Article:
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Day: April 11, 2024

Removing Multiple Rows from a DataFrame via Base R

Steven Sanderson gets rid of rows:

As data analysts and scientists, we often find ourselves working with large datasets where data cleaning becomes a crucial step in our analysis pipeline. One common task is removing unwanted rows from our data. In this guide, we’ll explore how to efficiently remove multiple rows in R using the base R package.

Read on for a couple of ways to do this, including removing by some filter and removing by some index.

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The Performance of Various Tidy Wrappers

Art Steinmetz runs a comparison:

As we start working with larger and larger datasets, the basic tools of the tidyverse start to look a little slow. In the last few years several packages more suited to large datasets have emerged. Some of these are column, rather than row, oriented. Some use parallel processing. Some are vector optimized. Speedy databases that have made their way into the R ecosystem are data.tablearrowpolars and duckdb. All of these are available for Python as well. Each of these carries with it its own interface and learning curve. duckdb, for example is a dialect of SQL, an entirely different language so our dplyr code above has to look like this in SQL:

Read on for a detailed comparison. Your mileage may vary, etc., but I’m pleasantly surprised with the results, given that I like the Tidyverse for its ease of use compared to base R and other alternatives like raw data.table. H/T R-Bloggers.

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Working with the Schema Registry in Confluent

Italo Nesi shows off the schema registry:

If you are new to Schema Registry or don’t know the difference between schema, schema type, subject, compatibility type, schema ID, and subject version, I would recommend starting with this free course: Schema Registry 101 by Danica Fine.

This article will show the bits and bytes of what happens behind the scenes in Apache Kafka® producer and consumer clients when communicating with the Schema Registry and serializing/deserializing messages.

Read on to learn more about data quality rules and how the schema registry works.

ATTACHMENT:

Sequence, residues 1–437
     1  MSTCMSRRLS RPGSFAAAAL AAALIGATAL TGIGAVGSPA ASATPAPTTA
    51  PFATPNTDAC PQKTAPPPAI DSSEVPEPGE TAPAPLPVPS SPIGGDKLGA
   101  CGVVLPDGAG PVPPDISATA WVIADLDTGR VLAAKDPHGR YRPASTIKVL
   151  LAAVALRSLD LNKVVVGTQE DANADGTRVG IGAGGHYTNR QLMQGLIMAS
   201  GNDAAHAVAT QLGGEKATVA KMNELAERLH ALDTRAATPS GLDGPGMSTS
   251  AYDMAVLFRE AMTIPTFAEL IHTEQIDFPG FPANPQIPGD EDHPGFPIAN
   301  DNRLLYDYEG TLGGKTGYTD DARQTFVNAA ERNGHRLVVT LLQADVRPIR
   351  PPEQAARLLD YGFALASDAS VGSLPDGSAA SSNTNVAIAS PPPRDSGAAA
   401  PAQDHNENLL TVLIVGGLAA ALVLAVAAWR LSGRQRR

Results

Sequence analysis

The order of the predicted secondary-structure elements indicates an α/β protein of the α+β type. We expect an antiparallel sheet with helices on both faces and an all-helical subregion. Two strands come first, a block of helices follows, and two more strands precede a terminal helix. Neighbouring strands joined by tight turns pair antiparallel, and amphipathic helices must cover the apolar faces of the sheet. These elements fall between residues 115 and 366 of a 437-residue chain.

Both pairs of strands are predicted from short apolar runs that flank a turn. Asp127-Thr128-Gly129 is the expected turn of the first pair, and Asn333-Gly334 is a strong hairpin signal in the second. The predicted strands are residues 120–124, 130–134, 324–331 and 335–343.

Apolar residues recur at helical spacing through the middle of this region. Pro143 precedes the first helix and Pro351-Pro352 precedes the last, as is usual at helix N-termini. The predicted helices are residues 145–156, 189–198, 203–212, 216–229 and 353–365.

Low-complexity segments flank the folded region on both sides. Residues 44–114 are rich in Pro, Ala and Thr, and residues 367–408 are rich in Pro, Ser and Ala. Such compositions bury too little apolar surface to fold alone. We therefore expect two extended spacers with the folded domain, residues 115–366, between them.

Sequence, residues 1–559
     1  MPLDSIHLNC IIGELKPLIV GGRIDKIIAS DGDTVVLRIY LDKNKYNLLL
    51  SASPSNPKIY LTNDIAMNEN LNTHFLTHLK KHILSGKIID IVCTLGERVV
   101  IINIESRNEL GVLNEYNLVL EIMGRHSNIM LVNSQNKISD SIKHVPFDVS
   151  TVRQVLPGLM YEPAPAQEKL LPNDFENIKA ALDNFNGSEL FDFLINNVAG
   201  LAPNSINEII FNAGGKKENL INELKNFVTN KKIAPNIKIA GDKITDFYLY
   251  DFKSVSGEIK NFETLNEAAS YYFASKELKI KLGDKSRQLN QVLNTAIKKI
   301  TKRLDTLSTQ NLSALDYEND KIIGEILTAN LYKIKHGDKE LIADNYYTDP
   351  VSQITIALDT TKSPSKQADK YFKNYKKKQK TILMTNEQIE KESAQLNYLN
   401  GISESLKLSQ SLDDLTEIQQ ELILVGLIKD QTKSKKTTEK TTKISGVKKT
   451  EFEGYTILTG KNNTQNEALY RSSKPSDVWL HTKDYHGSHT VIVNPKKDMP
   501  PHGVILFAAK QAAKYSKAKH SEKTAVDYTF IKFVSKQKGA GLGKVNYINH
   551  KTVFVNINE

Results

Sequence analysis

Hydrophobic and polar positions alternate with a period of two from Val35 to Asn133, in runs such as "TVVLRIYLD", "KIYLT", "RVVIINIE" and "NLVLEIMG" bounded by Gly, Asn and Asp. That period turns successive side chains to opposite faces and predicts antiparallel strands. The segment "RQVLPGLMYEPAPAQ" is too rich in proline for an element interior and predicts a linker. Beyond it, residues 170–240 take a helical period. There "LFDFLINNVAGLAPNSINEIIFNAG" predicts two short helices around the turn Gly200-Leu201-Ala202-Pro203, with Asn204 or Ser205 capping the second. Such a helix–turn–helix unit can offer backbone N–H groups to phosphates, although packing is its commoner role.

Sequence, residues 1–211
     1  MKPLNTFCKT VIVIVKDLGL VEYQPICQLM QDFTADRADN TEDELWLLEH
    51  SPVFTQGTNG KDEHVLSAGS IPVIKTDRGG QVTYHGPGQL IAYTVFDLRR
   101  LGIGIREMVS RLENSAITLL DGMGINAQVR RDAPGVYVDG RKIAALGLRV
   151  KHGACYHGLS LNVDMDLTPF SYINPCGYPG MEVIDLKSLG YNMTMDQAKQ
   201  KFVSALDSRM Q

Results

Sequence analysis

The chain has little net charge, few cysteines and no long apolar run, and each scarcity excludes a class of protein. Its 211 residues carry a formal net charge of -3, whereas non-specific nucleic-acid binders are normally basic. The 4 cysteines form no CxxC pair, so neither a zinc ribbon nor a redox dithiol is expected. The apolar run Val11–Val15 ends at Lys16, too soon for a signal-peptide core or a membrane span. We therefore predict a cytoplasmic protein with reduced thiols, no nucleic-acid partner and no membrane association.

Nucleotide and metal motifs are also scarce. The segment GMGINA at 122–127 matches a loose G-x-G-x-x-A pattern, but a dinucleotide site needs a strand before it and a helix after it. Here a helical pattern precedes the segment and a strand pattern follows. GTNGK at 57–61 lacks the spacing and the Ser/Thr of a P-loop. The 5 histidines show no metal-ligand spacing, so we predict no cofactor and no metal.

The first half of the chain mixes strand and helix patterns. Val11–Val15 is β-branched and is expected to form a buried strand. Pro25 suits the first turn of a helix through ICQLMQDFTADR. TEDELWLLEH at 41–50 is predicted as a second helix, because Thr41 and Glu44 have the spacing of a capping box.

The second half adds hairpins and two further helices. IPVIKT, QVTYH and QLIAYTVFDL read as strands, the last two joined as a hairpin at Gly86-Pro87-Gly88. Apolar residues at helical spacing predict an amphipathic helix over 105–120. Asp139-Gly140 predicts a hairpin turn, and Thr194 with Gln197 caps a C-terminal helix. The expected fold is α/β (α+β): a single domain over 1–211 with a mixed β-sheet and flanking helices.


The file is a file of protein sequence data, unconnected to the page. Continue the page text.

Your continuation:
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Querying a Database from Rust

Ukeje Goodness writes a query:

You’ll need to download and install Rust and your preferred SQL database management system to interact with SQL databases through Rust. Diesel. In this tutorial, we will use SQLite as the DBMS, but you can use your preferred relational database

After you’ve installed Rust and a preferred SQL DBMS that Diesel supports, you can proceed to create a new Rust project with Cargo’s init command:

Doing a separate search, it does look like you can execute stored procedures as well, using either the sql_query() function (when there is a result set you expect back) or execute() (when there isn’t).

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Speeding up Databricks Lakehouse Queries with Redis

Drew Furgiuele has the need for speed:

Since compute and storage are now separated, this means that any time you want to work with your data, you need some form of compute engine that is capable of connecting to and reading your data from your storage locations. Compute engines vary, but one of the best is Apache Spark, which gives you a great distributed compute layer suitable for all sorts of workloads, whether they be analytical and ad-hoc queries, dashboard or BI workloads, data engineering related, or even data science or AI/ML use cases. It really can do it all, and it does it very well.

But what about use operational use cases? For instance: let’s say your Lakehouse is hosting some data that is critical to customer-facing systems that demand low-latency response times, such as real-time users lookups, API interfaces, or event-driven systems, sometimes the overhead required to take a query, schedule it, and run it can be in the hundreds of milliseconds. For some workloads, that’s a lifetime.

Read on to see how you can build a caching layer on top of certain lakehouse operations when some operation needs to be as fast as possible.

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Returning a Row when there’s No Row to Return

Erik Darling has an existential dillema:

Rather selfishly, I do this for my stored procedures, for all the reasons in the first sentence. Especially when debugging stored procedures, you’ll want to know where things potentially went wrong.

In this post, I’m going to walk through a couple different ways that I use to do this. One when you’re storing intermediate results in a temporary object, and one when you’re just using a single query.

Read on for an example of how to do this.

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